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Office of Grant Development

National Science Foundation (NSF) - Law and Social Sciences

Amount Note:

Regular and collaborative awards generally do not exceed $300,000 in direct costs over two to three years' duration. Interdisciplinary Postdoctoral Fellowship funds should be requested to directly support a postdoctoral fellow, including salary, fringe benefits and other direct costs necessary for completion of the proposed project. Funds may be requested to support dissemination of the research by the postdoctoral fellow at academic or professional conferences. Requested funds should not exceed $80,000 in direct costs over a 12-month period. A maximum of 24 months of consecutive funding may be requested, in addition to a 6-month (no cost) period for recruitment. Conference and Workshop proposals do not generally exceed $30,000 in direct costs. 

Eligibility Note:

See solicitation for eligibility requirements for each mode of support.

The Law & Social Sciences Program at the National Science Foundation supports social scientific studies of law and law-like systems of rules. Successful proposals describe research that advances scientific theory and understanding of the connections between law or legal processes and human behavior. The Law & Social Sciences Program funds the best proposals submitted within the field broadly defined, regardless of specific subfield, and strives to support an interdisciplinary community of scholars studying relevant topics.

Social scientific studies of law often approach law as dynamic, made in multiple arenas, with the participation of multiple actors. Scholars study mobilization, the creation and implementation of law, and the meanings of rules or laws to both individuals and institutions. The Program considers proposals that examine historical, social, cultural and policy-related questions that arise concerning law, and invites proposals relying upon qualitative and/or quantitative methods. The Program also considers and funds proposals from many different disciplines, including anthropology, communication, criminology, economics, legal scholarship, political science, public policy, psychology, and sociology. The sites for the study of law are multiple and may include appellate and trial courts; domestic and international regulatory offices; federal, state, and local law enforcement; and the variety of settings in which organizations deploy law. Proposals are welcome that address legal processes that extend beyond any single nation, as well as about how local and national legal institutions, systems, and cultures engage transnational or international phenomena.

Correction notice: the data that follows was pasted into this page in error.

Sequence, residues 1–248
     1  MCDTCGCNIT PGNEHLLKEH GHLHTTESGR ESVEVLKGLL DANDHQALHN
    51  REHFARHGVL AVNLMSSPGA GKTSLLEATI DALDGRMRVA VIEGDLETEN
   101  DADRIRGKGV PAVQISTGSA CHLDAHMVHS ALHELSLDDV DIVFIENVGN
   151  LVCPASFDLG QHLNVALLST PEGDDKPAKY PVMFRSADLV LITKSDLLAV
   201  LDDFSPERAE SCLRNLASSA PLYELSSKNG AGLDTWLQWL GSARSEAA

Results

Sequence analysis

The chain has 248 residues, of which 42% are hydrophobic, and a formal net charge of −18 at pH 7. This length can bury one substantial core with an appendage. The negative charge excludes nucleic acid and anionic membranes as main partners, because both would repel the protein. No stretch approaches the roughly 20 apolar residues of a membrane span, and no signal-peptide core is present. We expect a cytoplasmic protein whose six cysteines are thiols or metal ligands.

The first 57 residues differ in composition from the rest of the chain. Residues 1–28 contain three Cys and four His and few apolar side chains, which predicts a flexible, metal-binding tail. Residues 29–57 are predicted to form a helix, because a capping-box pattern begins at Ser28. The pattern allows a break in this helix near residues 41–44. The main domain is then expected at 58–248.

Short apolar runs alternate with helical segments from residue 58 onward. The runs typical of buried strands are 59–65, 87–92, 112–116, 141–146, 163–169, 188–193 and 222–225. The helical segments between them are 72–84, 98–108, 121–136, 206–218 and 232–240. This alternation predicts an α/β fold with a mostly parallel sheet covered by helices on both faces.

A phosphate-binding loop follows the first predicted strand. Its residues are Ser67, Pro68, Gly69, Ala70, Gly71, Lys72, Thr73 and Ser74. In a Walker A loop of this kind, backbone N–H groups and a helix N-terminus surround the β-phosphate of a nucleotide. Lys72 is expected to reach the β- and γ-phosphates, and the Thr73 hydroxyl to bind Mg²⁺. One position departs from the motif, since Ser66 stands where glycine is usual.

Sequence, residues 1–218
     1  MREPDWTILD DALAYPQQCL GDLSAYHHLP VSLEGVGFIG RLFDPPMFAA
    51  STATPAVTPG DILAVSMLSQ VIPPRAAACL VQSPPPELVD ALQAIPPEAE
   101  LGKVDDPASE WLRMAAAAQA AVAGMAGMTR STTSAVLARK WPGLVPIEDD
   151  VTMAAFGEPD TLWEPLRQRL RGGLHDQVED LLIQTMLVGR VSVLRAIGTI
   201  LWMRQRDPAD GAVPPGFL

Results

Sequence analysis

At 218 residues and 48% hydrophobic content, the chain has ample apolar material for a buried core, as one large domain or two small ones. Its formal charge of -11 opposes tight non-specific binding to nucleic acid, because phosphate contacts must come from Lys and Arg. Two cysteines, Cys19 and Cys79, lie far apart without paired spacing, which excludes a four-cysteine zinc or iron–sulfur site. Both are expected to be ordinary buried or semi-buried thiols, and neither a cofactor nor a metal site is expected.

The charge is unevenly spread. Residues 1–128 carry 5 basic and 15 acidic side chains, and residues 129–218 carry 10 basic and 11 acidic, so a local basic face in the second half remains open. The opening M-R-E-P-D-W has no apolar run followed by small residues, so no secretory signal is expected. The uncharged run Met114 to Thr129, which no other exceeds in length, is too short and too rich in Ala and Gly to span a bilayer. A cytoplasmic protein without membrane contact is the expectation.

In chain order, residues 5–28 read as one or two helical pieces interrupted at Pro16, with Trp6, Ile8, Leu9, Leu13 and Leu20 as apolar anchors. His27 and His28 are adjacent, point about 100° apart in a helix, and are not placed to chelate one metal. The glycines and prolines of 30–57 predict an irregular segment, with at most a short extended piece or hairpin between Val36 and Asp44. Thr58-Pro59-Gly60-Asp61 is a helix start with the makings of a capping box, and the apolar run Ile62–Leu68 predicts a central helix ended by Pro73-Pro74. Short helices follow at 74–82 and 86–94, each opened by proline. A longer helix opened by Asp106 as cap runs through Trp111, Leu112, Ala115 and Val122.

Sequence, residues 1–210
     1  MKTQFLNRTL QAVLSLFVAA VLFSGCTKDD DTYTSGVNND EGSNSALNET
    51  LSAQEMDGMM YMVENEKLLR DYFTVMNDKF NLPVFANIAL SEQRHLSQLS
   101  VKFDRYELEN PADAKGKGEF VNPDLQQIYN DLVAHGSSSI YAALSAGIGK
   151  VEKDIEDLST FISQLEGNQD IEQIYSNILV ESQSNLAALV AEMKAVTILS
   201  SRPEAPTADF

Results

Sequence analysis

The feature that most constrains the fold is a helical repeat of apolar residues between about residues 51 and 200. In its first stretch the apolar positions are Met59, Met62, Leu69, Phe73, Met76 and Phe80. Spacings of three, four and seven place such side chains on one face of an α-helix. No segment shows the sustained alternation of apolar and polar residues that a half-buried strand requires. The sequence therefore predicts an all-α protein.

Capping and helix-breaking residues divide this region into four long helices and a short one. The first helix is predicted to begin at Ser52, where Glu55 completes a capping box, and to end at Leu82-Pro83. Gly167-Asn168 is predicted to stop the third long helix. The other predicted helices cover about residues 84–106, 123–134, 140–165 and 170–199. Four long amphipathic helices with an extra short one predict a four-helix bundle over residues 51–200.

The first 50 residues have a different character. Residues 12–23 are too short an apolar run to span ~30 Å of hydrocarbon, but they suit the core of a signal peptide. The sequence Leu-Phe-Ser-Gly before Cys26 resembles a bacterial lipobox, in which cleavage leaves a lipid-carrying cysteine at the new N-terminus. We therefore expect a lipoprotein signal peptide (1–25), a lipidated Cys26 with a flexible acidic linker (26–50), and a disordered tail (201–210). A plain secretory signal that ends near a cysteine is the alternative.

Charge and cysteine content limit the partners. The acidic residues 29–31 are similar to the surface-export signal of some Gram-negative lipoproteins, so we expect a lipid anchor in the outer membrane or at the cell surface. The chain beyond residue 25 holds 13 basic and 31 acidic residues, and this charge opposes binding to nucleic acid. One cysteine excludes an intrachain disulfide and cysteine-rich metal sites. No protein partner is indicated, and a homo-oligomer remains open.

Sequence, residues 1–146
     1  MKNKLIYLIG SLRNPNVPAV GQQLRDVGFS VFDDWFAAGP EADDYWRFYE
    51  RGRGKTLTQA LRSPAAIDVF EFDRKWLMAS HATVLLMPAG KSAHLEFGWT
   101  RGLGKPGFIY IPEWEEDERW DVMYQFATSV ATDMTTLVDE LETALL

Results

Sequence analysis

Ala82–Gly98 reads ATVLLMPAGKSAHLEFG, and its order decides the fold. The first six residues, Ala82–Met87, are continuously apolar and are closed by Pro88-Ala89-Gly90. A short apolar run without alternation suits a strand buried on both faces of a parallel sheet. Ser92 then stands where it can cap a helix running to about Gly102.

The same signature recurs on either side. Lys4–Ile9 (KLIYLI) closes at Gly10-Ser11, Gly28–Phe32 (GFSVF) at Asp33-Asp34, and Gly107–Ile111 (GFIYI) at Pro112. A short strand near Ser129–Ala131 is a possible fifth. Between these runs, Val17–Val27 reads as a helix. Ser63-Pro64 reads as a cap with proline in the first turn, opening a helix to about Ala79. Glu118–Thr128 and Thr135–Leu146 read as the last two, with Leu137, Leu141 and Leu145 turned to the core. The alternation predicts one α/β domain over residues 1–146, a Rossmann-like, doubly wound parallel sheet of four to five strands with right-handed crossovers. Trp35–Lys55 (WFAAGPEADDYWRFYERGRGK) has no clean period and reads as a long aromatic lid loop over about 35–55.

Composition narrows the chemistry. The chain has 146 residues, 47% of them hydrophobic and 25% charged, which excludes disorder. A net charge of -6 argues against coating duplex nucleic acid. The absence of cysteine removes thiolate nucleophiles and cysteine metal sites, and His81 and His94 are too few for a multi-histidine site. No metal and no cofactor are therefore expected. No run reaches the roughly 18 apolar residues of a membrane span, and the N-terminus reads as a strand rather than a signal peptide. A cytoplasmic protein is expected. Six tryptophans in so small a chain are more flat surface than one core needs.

The Law & Social Sciences Program has funded research on a wide variety of topics relevant to social science and legal scholars. The themes identified below are representative of previous awards from the Law & Social Sciences Program, but do not constitute an exclusive listing of relevant topics. Scholars conducting research in social science related to law (broadly defined) that are outside or beyond these major themes are also encouraged to apply for funding.

Crime, Violence, and Punishment: Research develops theories of crime and methods of crime control based upon social science theories. It examines the etiology of violence in the context of domestic criminal behavior, terrorism, and cross-national conflict.

Economic Issues: Research explores the significance of property rules or contracts in legal disputes, claims in social welfare states, and the role of law in labor and migration policies.

Governance: Research examines the deployment of law, including conceptions of what counts as law both cross-nationally and over time. Inquiry in this area addresses how rules have been understood, and the varying format that governing takes in local, regional, national and transnational settings.

Legal Decision Making: Research examines how people and institutions make decisions in the context of particular rules or statutes, and the values revealed in those decisions concerning pressing public issues or criminal justice processes. Research also examines how law is interpreted and reinterpreted by individuals, and how expectations concerning the law influence how people claim rights and responsibilities.

Legal Mobilization and Conceptions of Justice: Research assesses how and when people understand their challenges as legal problems, how individuals choose among systems to pursue justice (e.g., family, communities, non-profit organizations, or state actors), how individuals or groups access justice systems (as well as various equity issues that arise in mobilizing justice), and how well individuals and groups understand justice.

Litigation and Legal Professions: Research addresses the mutual constitution of the legal professions and the world in which they work, and assesses the influence of these professions on public policies and practices. Research also investigates the various forms of litigation and legal services available to people, professionals' understanding of their ethics and responsibility, and issues regarding equity in participation in the profession.

These topics are meant to be illustrative. The Law & Social Sciences Program welcomes all scholarship that advances social scientific understandings of law.

Research can use a variety of methods, including ethnography, analysis of documents, interviews, case studies, surveys, quasi-experimental and experimental approaches, network analysis, and content analysis, or a combination thereof. The methods should be appropriate to the research questions.

Last Updated On: 2018-04-04

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